April 17, 2010 / 12:35 AM / 9 years ago

Film futures market survives first hurdle

WASHINGTON (Reuters) - The top U.S. futures regulator on Friday approved a new market that could one day be used to trade box-office receipts.

The mover brought closer a decision on whether traders will be able to speculate on the commercial success or failure of movies.

The ruling under the Commodity Exchange Act is the first hurdle Media Derivatives Inc needed to begin trading options on futures contracts.

The CFTC said it is still considering whether to allow the firm to offer a contract tied to the box office receipts of a movie, but commissioners so far do not appear convinced the contracts will pass muster.

“At this point in time, I have not heard any arguments to persuade me that ‘movie futures’ generally can overcome some fundamental design flaws,” said CFTC Commissioner Bart Chilton.

Chilton and fellow CFTC Commissioners Scott O’Malia and Jill Sommers said the contracts must show they are useful commercial hedging tools and free from fraud and manipulation.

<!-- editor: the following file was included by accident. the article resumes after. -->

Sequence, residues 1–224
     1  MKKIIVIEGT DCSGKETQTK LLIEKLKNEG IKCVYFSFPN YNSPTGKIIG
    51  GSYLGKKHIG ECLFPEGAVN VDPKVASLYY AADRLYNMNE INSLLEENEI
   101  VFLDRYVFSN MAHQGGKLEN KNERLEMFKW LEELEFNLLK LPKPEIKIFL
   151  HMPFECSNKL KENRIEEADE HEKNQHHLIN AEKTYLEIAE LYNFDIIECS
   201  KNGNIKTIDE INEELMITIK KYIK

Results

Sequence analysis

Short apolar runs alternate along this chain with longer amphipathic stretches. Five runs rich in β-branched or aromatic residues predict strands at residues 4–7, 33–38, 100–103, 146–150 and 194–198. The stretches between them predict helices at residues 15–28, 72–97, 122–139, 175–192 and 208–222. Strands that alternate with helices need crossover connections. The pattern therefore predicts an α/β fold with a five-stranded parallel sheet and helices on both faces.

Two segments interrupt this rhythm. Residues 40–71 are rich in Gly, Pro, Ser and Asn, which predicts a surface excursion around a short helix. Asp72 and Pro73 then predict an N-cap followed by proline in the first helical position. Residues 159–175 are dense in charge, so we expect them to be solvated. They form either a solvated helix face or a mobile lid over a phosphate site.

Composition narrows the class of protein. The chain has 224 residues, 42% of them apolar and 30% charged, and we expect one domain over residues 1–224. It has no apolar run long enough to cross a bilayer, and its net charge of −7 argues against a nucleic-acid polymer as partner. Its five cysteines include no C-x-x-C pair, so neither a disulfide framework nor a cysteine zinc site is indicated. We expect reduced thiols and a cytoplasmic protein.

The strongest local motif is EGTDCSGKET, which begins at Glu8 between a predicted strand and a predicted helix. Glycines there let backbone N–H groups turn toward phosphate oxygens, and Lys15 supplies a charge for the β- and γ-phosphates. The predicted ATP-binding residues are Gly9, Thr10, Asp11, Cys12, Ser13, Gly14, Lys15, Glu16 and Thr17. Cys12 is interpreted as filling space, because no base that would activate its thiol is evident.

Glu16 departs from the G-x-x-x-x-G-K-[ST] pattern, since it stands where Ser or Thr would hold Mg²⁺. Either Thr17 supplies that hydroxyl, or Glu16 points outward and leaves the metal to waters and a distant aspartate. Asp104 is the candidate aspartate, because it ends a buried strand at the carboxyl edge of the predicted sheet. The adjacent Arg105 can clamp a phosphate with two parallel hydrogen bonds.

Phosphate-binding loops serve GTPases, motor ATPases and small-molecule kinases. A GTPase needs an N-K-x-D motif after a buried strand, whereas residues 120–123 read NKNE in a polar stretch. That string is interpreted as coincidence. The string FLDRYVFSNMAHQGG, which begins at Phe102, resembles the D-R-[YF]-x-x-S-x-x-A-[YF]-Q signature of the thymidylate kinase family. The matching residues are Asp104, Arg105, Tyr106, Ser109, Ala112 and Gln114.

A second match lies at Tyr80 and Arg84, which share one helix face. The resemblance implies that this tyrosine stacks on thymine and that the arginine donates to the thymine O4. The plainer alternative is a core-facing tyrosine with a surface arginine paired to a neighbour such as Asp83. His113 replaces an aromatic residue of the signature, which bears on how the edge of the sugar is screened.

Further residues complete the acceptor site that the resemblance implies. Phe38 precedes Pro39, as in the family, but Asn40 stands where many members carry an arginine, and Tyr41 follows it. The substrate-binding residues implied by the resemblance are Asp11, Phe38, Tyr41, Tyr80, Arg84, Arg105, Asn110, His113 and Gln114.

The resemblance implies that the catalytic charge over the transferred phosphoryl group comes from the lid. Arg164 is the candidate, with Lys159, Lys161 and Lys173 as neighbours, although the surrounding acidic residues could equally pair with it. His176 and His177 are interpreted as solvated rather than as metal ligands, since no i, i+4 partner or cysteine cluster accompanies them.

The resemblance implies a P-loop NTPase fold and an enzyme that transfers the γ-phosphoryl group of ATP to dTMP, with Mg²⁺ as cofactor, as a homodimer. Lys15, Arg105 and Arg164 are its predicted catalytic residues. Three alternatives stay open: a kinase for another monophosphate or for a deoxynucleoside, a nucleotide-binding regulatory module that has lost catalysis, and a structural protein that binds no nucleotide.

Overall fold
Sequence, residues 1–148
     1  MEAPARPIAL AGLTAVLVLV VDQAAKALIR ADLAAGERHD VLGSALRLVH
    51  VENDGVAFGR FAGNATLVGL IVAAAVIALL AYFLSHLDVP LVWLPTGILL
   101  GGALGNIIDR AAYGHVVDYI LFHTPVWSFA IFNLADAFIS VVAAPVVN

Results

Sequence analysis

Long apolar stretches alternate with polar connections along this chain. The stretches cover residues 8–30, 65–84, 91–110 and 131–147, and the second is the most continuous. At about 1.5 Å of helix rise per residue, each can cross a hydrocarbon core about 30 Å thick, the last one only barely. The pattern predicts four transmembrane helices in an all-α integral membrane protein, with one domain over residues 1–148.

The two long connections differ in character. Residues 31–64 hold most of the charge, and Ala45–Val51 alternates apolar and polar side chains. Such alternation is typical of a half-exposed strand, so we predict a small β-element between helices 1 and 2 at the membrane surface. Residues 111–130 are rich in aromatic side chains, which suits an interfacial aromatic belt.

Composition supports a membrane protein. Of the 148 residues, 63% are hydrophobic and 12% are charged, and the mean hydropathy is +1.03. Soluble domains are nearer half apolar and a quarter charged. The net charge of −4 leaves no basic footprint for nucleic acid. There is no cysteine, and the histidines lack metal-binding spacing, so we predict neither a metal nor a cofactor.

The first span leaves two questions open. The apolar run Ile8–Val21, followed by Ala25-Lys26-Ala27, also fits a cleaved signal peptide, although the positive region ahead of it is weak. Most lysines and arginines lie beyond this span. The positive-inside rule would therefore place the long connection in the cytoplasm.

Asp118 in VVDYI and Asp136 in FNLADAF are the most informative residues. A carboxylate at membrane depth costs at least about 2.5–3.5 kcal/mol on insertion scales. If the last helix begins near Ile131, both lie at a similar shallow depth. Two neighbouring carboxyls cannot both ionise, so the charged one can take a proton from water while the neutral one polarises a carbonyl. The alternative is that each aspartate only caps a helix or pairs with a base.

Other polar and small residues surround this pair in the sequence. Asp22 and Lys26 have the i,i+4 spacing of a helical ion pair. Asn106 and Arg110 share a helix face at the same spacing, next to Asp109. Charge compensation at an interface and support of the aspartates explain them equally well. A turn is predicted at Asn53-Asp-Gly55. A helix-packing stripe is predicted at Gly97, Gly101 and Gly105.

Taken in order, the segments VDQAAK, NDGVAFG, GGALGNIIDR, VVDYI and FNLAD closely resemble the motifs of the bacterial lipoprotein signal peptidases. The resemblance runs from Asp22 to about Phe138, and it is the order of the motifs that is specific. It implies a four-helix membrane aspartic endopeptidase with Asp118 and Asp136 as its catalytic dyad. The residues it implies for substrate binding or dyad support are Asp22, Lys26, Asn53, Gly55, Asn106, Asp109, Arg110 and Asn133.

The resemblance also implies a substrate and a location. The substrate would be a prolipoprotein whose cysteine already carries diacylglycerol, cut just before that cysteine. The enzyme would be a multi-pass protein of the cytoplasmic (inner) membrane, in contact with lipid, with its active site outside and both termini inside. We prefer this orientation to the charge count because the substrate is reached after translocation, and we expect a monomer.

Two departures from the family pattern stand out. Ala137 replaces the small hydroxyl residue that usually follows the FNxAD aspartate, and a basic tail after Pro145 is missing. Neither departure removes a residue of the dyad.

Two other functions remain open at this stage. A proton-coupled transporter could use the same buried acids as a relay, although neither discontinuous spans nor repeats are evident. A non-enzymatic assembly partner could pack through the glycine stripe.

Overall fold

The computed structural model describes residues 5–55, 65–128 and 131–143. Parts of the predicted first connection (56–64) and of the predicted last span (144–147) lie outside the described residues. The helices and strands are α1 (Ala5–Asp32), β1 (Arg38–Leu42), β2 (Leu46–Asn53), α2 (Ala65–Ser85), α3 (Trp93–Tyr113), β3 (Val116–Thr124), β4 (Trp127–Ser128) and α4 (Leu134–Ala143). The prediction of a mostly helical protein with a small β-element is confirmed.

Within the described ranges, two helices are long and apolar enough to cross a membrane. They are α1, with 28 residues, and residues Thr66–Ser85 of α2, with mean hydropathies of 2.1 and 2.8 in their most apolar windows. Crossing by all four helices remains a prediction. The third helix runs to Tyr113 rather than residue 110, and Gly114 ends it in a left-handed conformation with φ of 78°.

O’Malia and Sommers said in a joint statement they had “serious concerns regarding the trading of media contracts.”

The CFTC has until June 7 to make a decision on Media Derivatives’s box office return contracts.

A form of betting on the success and failure of box-office flicks has been around for more than a decade. In 1996, a website called The Hollywood Stock Exchange was started where participants could invest fake dollars on box office outcomes. A division of Cantor Fitzgerald bought the site in 2001.

Here is how the movie futures could work: if the expected box office revenue of a film is $200 million, an investor could buy a futures contract for $200 and, if the movie does better than expected, could sell at a higher price, making a profit.

The Motion Picture Association of America contends trading movie futures would damage the reputation and integrity of the industry and make the box office susceptible to potential market manipulation.

“We believe that our products, designed in partnership with the broad industry constituency, will help better manage economic uncertainty and financial volatility, thus enhancing opportunities for success,” said Robert Swagger, chief executive of Media Derivatives.

Media Derivatives will operate under the name The Trend Exchange.

The regulatory body also is considering a separate request from the broker dealer Cantor Fitzgerald, which is expected later this month.

Editing by David Gregorio

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